Welcome to Toronto. We take cardinal directions seriously here. Downtown Toronto is built on a fairly strict grid system. Even though the grid isn’t built to conform exactly to the cardinal directions, locals treat it as if it does. Being built on a hill makes wayfinding easy: Lake Ontario is at the south end of the city, with everything sloping down to its shore. The CN Tower helps. It’s located close to the lake, and provides a good indicator of where south is. In the local interpretation of directions, uphill is generally north, downhill is generally south. Major streets like College, Bloor and Dundas run east-west, while Spadina, St. George and University run north-south. Numbering on east-west streets splits at Yonge Street, while north-south streets number up from the lake.
Getting Downtown from the Airport
Pearson International Airport (YYZ) is located just outside of Toronto. From both terminals, public buses are available. The Toronto Transit Commission runs an express bus, the 192 Airport Rocket, which terminates at Kipling station, the western-most terminus of the the Bloor-Danforth subway line. From Kipling, simply take the subway eastbound to get downtown. The cash fare for the TTC is $3, and needs to be paid in exact change on the bus. In Terminal 1 of Pearson airport, TTC vending machines selling single-fare tickets are located inside the terminal and accept credit cards.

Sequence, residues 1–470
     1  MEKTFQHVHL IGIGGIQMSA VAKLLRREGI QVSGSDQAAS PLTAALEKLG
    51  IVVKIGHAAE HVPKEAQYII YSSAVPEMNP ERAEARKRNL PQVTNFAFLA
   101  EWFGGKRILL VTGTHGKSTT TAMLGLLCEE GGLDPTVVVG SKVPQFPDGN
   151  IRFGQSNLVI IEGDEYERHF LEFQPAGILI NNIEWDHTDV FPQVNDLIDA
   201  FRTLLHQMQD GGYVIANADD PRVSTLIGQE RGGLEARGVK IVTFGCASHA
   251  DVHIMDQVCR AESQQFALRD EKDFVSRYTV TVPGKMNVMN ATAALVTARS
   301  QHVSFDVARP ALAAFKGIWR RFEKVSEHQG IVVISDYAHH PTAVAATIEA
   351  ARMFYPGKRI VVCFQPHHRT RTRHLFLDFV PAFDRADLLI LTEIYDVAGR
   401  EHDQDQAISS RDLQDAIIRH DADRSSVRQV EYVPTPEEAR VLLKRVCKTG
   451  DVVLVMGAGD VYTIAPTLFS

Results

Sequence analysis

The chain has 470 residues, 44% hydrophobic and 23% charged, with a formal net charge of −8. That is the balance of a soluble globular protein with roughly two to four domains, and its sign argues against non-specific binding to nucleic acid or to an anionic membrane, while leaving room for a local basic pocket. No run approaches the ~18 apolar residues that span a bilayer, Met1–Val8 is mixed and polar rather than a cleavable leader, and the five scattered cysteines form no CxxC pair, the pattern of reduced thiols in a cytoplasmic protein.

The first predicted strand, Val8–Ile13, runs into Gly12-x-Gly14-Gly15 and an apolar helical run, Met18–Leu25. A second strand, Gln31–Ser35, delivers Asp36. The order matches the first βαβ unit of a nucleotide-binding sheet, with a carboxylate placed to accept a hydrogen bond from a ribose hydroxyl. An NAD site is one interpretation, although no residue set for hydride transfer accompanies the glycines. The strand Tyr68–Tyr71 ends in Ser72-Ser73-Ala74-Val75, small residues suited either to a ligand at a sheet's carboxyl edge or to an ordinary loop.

If you are arriving at Billy Bishop Toronto City Airport (YTZ), congratulations! You’re already downtown. Simply take the shuttle bus from outside the terminal, which will drop you at Union station, which is on the Yonge-University subway line.
The Toronto Transit Commission runs subways, buses and streetcars. The University of Toronto is located near St. George subway station, as well as the 510 Spadina and 506 Carlton/College streetcar lines and the 94 Wellesley bus route.
Downtown Toronto is highly walkable, with a wide variety of restaurants, attractions and accommodations located within a short walk of the University.
Bike Share Toronto operates a large fleet of bikes with conveniently placed docking stations. Longer term rentals are also available from local bike shops. The University of Toronto is well-served by bike lanes and lock-up posts.
Parking is available on campus, though daily rates are high. The University’s Transportation Department provides details on locations and prices of parking lots. Public parking lots are available elsewhere in the city, at comparable rates.